CHILD PROTECTION POLICY AND PROCEDURES
Safeguarding children is the responsibility of everyone.
ISKCON Scotland recognises its responsibility to safeguard and promote the welfare of children within the legal framework of the Children Acts 1989 and 2004.
It is the primary objective of this child protection policy to ensure that children and young people at Karuna Bhavan are kept safe and protected from harm. We aim to create a safe environment within which children and young people can thrive and adults can work with the security of clear guidance.
Under the terms of the Children Act 2004 anyone under the age of 19 is considered to be a child/young person.
The following guidelines are for the use of all community members, staff, volunteers and visitors.
Through these guidelines, we will endeavour to ensure that:
- Children and young people are listened to, valued and respected
- Community members are aware of the need to be alert to the signs of abuse and know what to do with their concerns
- All paid and unpaid staff are given appropriate support and training
- All child protection concerns should be acted upon immediately. If you are concerned that a child might be at risk or is actually suffering abuse, you should tell the designated child protection officer within your organisation.
Your designated officer is: Julia Thornton (Jahnava-priya dd). Telephone number: 07716143569. If the designated officer is not available, speak to a senior member of staff. In an emergency situation, contact a social worker directly:
Social Work Enquiries: 0303 123 1008
Social Work Emergency Service: 0800 678 3282
1. RECOGNISING SIGNS OF ABUSE
It can often be difficult to recognise abuse. The signs listed in these guidelines are only indicators and many can have reasonable explanations. Children may behave strangely or seem unhappy for many reasons, as they move through the stages of childhood or their families experience changes. It is nevertheless important to know what could indicate that abuse is taking place and to be alert to the need to consult further.
Someone can abuse a child by actively inflicting harm or by failing to act to prevent harm. Abuse can take place within a family, in an institutional or community setting, by telephone or on the Internet. Abuse can be carried out by someone known to a child or by a complete stranger.
If you are worried about a child it is important that you keep a written record of any physical or behavioural signs and symptoms. In this way you can monitor whether or not a pattern emerges and provide evidence to any investigation if required.
Physical abuse can involve hitting, shaking, throwing, poisoning, burning, scalding, drowning, and suffocating. It can also result when a parent or carer deliberately causes the ill health of a child in order to seek attention; this is called fabricated illness. Symptoms that indicate physical abuse include:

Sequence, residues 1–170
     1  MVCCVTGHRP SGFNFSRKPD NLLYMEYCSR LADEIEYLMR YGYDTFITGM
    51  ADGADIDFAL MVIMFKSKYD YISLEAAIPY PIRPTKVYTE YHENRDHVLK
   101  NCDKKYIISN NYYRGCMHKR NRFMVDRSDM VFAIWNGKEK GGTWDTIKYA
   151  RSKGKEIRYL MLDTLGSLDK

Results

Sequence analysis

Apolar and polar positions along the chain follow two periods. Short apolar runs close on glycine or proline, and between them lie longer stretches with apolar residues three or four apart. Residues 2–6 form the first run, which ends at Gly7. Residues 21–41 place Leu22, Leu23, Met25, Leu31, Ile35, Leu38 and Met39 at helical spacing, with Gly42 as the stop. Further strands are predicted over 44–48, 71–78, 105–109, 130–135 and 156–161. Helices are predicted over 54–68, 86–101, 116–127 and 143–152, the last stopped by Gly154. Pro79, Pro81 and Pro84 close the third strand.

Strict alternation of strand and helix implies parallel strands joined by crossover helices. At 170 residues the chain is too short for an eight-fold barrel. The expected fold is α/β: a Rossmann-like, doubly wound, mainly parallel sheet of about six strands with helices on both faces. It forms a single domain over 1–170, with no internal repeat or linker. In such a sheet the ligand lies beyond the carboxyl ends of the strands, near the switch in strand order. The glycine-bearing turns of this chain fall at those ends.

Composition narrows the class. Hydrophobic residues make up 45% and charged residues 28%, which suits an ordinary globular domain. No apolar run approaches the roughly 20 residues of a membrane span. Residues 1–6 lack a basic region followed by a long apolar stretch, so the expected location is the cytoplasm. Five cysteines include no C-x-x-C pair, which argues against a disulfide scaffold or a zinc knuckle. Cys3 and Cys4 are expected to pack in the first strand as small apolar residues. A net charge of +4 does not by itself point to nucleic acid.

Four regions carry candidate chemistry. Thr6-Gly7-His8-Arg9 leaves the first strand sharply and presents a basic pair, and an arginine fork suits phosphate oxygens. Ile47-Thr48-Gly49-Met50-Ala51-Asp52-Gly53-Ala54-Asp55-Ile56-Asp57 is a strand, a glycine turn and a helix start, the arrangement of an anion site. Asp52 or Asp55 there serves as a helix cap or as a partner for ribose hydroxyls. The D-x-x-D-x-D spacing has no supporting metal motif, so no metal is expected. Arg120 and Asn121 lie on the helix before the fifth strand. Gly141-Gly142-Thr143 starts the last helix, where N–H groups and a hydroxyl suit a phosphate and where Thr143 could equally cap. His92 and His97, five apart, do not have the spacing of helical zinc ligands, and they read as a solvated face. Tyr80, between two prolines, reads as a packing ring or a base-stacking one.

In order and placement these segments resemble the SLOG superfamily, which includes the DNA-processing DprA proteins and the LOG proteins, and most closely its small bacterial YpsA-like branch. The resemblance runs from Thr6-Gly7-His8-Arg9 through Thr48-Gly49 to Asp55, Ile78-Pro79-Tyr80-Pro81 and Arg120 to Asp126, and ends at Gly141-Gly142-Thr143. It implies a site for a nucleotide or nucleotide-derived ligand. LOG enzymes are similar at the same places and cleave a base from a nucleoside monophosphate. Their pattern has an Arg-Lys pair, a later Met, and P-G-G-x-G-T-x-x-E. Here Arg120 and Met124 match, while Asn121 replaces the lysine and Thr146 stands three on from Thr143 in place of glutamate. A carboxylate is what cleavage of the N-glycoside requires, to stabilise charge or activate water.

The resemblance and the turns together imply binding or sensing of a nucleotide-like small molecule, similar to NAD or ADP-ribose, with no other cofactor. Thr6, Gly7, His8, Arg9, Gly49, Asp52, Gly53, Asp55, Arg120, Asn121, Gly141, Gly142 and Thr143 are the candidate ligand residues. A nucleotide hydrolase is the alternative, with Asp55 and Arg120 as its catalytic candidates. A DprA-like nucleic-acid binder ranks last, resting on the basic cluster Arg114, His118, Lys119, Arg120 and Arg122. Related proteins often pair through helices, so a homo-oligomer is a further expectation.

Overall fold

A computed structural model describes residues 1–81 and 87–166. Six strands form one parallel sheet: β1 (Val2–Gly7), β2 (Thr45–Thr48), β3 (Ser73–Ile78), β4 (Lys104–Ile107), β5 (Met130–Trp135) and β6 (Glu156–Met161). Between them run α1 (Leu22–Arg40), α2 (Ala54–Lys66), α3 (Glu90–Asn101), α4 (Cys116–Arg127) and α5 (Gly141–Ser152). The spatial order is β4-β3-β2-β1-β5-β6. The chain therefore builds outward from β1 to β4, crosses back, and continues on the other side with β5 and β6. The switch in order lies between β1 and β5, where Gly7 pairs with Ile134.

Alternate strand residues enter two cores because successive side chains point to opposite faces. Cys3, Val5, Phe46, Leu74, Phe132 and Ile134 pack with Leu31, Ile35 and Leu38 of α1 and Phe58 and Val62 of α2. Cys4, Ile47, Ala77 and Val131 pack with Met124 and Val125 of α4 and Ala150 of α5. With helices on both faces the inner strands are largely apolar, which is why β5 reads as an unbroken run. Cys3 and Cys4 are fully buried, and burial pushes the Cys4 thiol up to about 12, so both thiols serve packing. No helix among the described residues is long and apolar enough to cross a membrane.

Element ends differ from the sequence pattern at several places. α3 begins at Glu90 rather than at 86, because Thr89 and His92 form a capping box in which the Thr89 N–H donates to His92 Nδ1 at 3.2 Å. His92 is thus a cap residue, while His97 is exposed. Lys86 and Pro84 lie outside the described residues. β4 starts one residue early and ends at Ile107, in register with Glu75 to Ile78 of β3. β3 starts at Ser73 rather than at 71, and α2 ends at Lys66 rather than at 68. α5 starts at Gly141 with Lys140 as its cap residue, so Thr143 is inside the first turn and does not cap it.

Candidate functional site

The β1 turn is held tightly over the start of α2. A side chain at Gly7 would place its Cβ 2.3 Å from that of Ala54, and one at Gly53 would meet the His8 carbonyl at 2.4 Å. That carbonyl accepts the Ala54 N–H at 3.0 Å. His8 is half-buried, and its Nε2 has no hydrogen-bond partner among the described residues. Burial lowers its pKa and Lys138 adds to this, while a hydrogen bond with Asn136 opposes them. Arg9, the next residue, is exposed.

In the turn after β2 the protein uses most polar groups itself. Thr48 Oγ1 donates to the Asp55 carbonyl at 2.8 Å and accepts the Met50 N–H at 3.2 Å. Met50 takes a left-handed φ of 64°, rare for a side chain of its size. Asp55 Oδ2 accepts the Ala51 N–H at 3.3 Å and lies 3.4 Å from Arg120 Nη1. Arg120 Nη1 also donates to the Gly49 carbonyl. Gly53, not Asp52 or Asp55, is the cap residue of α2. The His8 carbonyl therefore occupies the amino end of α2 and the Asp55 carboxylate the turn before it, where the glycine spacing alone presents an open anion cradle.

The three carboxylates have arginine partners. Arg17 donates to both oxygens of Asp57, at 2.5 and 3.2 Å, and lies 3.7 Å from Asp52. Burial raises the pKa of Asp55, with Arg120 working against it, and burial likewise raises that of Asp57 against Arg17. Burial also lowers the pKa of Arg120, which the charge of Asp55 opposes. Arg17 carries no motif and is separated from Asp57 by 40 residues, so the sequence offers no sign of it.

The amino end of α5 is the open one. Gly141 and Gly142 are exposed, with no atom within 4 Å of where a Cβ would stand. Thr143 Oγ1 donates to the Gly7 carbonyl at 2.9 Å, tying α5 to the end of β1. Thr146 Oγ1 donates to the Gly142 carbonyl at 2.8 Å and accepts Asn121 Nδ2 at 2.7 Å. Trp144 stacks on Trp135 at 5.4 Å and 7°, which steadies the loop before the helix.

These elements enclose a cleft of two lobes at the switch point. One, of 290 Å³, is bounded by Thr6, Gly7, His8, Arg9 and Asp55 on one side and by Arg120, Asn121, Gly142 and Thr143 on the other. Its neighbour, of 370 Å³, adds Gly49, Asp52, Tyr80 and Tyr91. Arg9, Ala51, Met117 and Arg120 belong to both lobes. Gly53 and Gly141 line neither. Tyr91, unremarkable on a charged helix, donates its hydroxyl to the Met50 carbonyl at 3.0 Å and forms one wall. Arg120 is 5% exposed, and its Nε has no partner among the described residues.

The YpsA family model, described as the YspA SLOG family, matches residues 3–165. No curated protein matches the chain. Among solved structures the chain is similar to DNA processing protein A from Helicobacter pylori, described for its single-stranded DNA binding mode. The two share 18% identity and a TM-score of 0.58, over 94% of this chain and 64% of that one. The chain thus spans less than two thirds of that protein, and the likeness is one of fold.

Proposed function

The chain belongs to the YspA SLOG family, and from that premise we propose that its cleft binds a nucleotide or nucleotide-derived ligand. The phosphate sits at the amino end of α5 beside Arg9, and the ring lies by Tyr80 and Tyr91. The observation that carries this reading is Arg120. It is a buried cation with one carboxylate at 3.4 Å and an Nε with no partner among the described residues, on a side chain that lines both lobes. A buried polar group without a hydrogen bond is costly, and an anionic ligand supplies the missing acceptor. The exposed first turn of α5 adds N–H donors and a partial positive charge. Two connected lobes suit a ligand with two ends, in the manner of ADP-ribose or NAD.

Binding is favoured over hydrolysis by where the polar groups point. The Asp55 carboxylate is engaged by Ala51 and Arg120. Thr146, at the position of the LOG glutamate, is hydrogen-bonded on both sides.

- Bruising in or around the mouth, on the back, buttocks or rectal area
- Finger mark bruising or grasp marks on the limbs or chest of a small child
- Burn and scald marks; small round burns that could be caused by a cigarette
- Fractures to arms, legs or ribs in a small child
Large numbers of scars of different sizes or ages
Emotional abuse happens when a child’s need for love, security, praise and recognition is not met. It usually co-exists with other forms of abuse. Emotionally abusive behaviour occurs if a parent, carer or authority figure is consistently hostile, rejecting, threatening or undermining. It can also result when children are prevented from social contact with others, or if developmentally inappropriate expectations are imposed upon them. It may involve seeing or hearing the ill-treatment of someone else. Symptoms that indicate emotional abuse include:
- Excessively clingy or attention-seeking behaviour
- Very low self esteem or excessive self-criticism
- Excessively withdrawn behaviour or fearfulness; a ‘frozen watchfulness’
- Lack of appropriate boundaries with strangers; too eager to please
- Eating disorders
Neglect is the persistent failure to meet a child’s basic physical and/or psychological needs, causing damage to their health and development. It may involve a parent or carer failing to provide adequate food, shelter or clothing, failing to protect a child from harm or danger, or failing to access appropriate medical care and treatment when necessary. It can exist in isolation or in combination with other forms of abuse. Symptoms of physical and emotional neglect can include:
- Inadequate supervision; being left alone for long periods of time
- Lack of stimulation, social contact or education
- Inadequate nutrition, leading to ill-health
- Constant hunger; stealing or gorging food